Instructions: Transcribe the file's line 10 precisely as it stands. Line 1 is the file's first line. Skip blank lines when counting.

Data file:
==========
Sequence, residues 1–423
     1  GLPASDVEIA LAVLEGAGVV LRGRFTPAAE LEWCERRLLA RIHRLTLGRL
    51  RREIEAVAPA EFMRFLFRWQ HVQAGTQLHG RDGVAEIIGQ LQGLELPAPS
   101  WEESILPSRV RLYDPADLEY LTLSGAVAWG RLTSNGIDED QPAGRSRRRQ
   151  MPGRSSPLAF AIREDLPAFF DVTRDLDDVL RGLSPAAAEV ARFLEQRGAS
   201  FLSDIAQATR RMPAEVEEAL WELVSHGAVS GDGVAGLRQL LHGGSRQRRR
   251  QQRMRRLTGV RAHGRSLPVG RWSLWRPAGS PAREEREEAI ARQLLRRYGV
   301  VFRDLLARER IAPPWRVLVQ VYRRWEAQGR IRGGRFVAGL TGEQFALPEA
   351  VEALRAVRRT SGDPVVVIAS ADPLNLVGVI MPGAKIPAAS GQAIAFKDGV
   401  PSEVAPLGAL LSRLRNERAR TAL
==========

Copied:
   401  PSEVAPLGAL LSRLRNERAR TAL